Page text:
CENTURY FARM

ONE HUNDRED YEARS ON A FAMILY FARM

This is the delightful story of a middle-sized, Midwestern farm in Wisconsin as told in the first-person narration of Gary Peterson, husband of the author. In the family for five generations, this dairy farm has been lived on and worked for the last 25 years by the Petersons and their three children, who are now grown. Full-color photographs by Upitis, as well as sepia-colored photos from the family album, show life on the farm for 100 years. Peterson says, “Much has changed in one hundred years, but many things have stayed the same.” It’s a distinctly personal story; the author makes no attempt to broaden the discussion, but readers will come away with an appreciation for the hard work that goes into the dairy farm, the continuity brought by five generations, and, in a scene of new construction, a genuine sense of the future of this lovely spot. (Nonfiction. 7-11)

Pub Date: Feb. 1, 1999

ISBN: 1-56397-710-9

Page Count: 32

Publisher: Boyds Mills

Review Posted Online: May 20, 2010

Kirkus Reviews Issue: Feb. 1, 1999

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THE COLORS OF US

This vibrant, thoughtful book from Katz (Over the Moon, 1997) continues her tribute to her adopted daughter, Lena, born in Guatemala. Lena is “seven. I am the color of cinnamon. Mom says she could eat me up”; she learns during a painting lesson that to get the color brown, she will have to “mix red, yellow, black, and white paints.” They go for a walk to observe the many shades of brown: they see Sonia, who is the color of creamy peanut butter; Isabella, who is chocolate brown; Lucy, both peachy and tan; Jo-Jin, the color of honey; Kyle, “like leaves in fall”; Mr. Pellegrino, the color of pizza crust, golden brown. Lena realizes that every shade is beautiful, then mixes her paints accordingly for portraits of her friends—“The colors of us!” Bold illustrations celebrate diversity with a child’s open-hearted sensibility and a mother’s love. (Picture book. 6-8)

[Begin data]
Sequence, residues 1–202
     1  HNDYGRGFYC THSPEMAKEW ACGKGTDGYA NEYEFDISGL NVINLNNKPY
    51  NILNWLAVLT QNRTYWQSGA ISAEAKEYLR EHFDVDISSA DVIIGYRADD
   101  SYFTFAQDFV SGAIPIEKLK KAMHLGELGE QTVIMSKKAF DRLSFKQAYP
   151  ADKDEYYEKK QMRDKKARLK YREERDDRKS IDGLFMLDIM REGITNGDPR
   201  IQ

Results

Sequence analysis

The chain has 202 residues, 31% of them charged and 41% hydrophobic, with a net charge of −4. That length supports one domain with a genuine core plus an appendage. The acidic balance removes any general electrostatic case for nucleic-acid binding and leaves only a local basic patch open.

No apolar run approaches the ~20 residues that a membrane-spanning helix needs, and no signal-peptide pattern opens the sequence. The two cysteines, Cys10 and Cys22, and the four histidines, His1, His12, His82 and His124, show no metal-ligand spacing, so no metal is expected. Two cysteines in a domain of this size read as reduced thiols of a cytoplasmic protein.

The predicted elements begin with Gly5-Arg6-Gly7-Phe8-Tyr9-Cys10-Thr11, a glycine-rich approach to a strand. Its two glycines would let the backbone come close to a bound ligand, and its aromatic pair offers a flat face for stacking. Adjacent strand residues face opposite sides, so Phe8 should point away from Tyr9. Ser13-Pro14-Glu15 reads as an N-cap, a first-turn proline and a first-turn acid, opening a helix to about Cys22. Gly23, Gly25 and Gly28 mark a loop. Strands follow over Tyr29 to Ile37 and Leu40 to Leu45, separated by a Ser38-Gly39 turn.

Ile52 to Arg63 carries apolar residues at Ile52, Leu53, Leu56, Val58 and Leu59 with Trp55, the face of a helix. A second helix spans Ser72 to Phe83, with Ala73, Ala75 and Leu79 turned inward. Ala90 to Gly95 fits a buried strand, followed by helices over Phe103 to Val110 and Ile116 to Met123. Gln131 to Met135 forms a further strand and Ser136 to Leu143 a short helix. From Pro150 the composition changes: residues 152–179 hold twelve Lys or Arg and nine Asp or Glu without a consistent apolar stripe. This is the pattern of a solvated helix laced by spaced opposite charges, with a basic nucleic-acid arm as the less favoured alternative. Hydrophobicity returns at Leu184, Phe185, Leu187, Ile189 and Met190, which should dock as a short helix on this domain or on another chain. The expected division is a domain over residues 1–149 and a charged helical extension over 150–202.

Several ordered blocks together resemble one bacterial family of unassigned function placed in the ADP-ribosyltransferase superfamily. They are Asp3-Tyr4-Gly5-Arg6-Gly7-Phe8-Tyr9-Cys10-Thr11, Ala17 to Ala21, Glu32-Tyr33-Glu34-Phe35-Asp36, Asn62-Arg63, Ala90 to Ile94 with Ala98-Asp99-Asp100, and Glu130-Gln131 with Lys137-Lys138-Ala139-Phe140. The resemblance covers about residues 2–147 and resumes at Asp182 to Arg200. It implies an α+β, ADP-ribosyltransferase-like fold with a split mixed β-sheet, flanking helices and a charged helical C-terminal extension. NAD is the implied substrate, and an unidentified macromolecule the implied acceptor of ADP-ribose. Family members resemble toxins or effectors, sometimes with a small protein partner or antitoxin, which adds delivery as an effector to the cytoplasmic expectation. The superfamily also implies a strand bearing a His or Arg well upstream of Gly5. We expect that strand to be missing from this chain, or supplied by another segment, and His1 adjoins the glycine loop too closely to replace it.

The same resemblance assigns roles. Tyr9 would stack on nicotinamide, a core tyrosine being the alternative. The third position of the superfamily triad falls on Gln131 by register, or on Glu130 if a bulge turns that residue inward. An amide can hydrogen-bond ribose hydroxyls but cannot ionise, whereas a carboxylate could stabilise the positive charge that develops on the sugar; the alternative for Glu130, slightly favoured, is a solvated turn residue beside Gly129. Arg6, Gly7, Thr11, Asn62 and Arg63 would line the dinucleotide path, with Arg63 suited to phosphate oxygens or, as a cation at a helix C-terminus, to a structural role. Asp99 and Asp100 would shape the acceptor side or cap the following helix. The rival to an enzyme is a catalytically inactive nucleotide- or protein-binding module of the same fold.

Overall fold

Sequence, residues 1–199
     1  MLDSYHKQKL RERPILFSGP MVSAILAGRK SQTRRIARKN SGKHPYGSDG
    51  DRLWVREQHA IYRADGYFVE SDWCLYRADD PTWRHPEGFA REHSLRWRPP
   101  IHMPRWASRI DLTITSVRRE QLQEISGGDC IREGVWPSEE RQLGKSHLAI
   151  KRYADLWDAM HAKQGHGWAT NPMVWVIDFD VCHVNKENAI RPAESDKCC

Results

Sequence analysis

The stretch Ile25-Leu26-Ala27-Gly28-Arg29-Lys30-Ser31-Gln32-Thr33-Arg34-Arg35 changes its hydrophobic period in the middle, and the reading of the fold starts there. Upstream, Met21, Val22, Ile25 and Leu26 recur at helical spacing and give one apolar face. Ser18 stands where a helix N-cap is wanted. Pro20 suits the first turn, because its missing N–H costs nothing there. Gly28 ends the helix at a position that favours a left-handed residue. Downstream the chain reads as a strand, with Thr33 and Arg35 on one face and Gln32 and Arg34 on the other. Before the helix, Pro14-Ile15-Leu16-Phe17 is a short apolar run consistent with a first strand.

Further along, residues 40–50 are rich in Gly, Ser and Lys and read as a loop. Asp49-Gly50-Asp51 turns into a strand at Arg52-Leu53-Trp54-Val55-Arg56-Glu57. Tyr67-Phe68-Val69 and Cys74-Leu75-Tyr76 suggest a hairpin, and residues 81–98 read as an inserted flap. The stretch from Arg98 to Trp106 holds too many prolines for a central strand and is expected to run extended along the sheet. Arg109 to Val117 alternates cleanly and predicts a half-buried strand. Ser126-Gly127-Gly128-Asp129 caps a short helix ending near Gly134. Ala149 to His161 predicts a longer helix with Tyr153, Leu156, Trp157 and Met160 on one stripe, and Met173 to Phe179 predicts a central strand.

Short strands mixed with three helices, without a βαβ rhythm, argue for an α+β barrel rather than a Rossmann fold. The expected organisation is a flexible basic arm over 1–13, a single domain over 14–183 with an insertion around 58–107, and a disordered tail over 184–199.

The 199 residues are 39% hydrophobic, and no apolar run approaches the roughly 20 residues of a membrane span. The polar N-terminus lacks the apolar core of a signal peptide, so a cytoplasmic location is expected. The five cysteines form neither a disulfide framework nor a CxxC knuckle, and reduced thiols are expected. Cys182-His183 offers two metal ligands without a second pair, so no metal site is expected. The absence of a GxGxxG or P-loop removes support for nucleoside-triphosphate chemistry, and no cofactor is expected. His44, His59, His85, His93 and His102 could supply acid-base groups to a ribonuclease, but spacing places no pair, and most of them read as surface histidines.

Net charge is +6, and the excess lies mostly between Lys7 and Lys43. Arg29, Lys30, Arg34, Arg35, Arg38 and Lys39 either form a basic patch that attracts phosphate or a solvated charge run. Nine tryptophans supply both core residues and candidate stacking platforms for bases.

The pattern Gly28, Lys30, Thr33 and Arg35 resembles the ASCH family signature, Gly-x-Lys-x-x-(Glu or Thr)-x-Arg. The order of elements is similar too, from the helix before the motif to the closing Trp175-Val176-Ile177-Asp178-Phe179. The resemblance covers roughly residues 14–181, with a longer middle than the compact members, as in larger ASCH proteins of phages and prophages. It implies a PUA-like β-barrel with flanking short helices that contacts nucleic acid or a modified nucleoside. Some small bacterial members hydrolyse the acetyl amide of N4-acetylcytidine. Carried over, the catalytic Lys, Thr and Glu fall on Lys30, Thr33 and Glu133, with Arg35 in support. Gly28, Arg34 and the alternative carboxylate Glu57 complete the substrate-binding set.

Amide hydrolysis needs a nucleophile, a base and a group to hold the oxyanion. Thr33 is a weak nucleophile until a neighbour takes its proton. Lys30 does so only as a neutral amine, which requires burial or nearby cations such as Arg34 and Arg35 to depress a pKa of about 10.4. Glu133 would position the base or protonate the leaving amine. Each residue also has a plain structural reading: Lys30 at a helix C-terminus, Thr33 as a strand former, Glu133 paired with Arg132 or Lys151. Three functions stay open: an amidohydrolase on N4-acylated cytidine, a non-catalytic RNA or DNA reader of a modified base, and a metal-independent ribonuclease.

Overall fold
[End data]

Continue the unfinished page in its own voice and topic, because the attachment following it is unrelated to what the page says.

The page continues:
Pub Date: Sept. 1, 1999

ISBN: 0-8050-5864-8

Page Count: 28

Publisher: Henry Holt

Review Posted Online: May 20, 2010

Kirkus Reviews Issue: July 15, 1999

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THE QUILTMAKER'S GIFT

A sentimental tale overwhelmed by busy illustrations and rampant pedantry. A gifted quiltmaker who makes outstanding quilts never sells her wares, but gives them away to the poor. A greedy king so loves presents that he has two birthdays a year, and commands everyone in the kingdom to give him gifts. Everyone brings presents till the castle overflows; the king, still unhappy, locates the quiltmaker and directs her to make him a quilt. When she refuses he tries to feed her to a hungry bear, then to leave her on a tiny island, but each time the quiltmaker’s kindness results in her rescue. At last, the king agrees to a bargain; he will give away his many things, and the quiltmaker will sew him a quilt. He is soon poor, but happier than he’s ever been, and she fulfills her end of the bargain; they remain partners forever after, with her sewing the quilts and him giving them away. The illustrations are elaborate, filled with clues to quilt names. A note points to the 250 different quilt names hidden in the picture on the inside of the book jacket. (Picture book. 6-10)

Pub Date: Oct. 1, 1999

ISBN: 1-57025-199-1

Page Count: 32

Publisher: N/A

Review Posted Online: May 20, 2010

Kirkus Reviews Issue: Oct. 1, 1999

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